Sunday, June 17, 2018

16 - Corvallis, OR - Day 4

One more project done. N, as n approaches infinity, more projects to go. The first picture shows the Dicor sealing the edges of the Eternabond tape. Both products are designed for rubber roofing repair. The vent covers go over the pins and are held in place with a washer and spring clip as shown in the second picture. This makes them easily removable for cleaning. There was still some Dicor left in the caulking tube so I went around the roof adding some where it looked a little thin. 

The third picture shows where the vent covers were put and before we leave the campground, we will verify that the A/C cover is still the highest thing on the roof. There is a railroad bridge less than a 1/10th of a mile from the RV park that is labeled as 13’ 4” and 13’ 6”. We’ve been under the bridge several times without issue and, since it’s on the way out of town, I thought it would be a good idea to measure again. 

An odd thing happened. I moved the RV to a full hookup site this afternoon and after getting it all hooked up, I noticed the Trimetric monitor was showing negative current. The charge controller wasn’t showing any errors but after rebooting it, everything was fine again. Current was showing 17 amps charging. Hmmm...

Saturday, June 16, 2018

15 - Corvallis, OR, Day 3

I needed warm, sunny weather to soften the Dicor sealant used to waterproof the original vent. I used a putty knife to carefully remove the warm sealant so I could get to the screws. Removed the screws and carefully pried the old vent off of the roof. The existing putty looked to be in pretty good shape. It was only a couple of years old as the roof was replaced back in 2016. After the new vent was put in place, I put in the screws and hand tightened them to make sure I didn’t crack the plastic frame. The metal plates are for the vent cover allowing the roof vent to be open in inclement weather. Tomorrow, I’ll seal the new vent with some Eternabond tape and Dicor self-leveling sealant. The Eternabond tape I have is 4” wide. I’ll cut it in half lengthwise as 2” is sufficient.

This vent needs 12VDC as it has a fan motor, temperature sensor, rain sensor, as well as a motor to open and close the vent. The height of the ceiling where the vent is installed is around 7 1/2 feet so being able to operate it without a step stool is a benefit. The nearest always-on 12VDC is at the reading lights on the rear overhead cabinets. I fished the wires through the ceiling into the cabinet. I then removed one of the lights and drilled into the cabinet so there was a path for the vent power wires.

Just about finished. This evening, I used Eternabond tape to cover the edges of the new vent as well as the older bathroom vent. That is a different model of Fan-tastic Fan. Completely manual and only one speed (of three) works. Maybe one of these days I'll take it apart to fix. I also picked up a vent cover for this one as well.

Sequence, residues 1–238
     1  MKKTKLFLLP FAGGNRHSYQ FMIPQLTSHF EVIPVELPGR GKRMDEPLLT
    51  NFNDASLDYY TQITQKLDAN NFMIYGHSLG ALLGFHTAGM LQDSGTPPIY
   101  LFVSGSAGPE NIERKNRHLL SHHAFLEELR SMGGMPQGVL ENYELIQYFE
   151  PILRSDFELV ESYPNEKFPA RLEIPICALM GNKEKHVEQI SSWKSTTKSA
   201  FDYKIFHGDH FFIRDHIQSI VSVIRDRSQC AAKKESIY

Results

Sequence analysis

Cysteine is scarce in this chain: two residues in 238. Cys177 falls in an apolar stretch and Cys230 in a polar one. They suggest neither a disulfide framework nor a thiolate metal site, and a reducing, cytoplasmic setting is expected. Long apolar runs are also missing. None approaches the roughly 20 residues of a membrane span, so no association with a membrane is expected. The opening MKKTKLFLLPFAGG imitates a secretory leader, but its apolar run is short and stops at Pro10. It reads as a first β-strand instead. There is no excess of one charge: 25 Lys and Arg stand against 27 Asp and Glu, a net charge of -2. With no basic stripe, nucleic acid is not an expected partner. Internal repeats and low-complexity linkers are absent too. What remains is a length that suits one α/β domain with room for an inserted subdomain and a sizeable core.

I tried out the new fan with the fancy remote and it works pretty well. The thermostat is adjustable in 2.5°F increments and the fan has 14 speeds. 

Friday, June 15, 2018

14 - Corvallis, OR, Day 2

Today was an errand running day. I picked up an installation kit for the roof vent as well as the window knob that broke a few days ago. The water regulator that I bought last year developed a hairline crack and needed to be replaced. Not from poor quality control but more likely from the stress of the water filter that is normally hanging off of it. I'll try a different strategy and have the filter hanging off of the RV.

I will try to get at least the outdoor portion of the vent installation done tomorrow morning before it gets too warm. The forecast for tomorrow is 80°F in the afternoon. This morning, I moved the trailer to a different spot at the Fairgrounds. The RV next to us belonged to a long-term employee of the fairgrounds and he was leaking grey water and some sewer water onto the ground. The campground host said that he didn't have the ability to make him do anything as he is allowed to stay there as part of his job. Anyway, I didn't want to deal with the smell so I moved out to the back 40. I believe they call it "overflow parking". We still have water and power so I'm not complaining at all. The camp host said that he can move us to a full hookup site on Sunday or Monday after the bulk of the people leave.

Thursday, June 14, 2018

13 - Corvallis, OR, Day 1

We made it to our intermediate destination for at least this initial part of the trip. Bridget wanted to arrive by this date to visit with my sister and her family before they head out to California tomorrow. She is then scheduled for a quick trip to Chicago and back by Wednesday evening. This will give me a chance to replace the rear roof vent (which broke due to the high winds in Alberta) with the Fan-tastic Vent. It just arrived today. There are a couple of other things that have broken on this trip. I think the age of the rig is starting to show.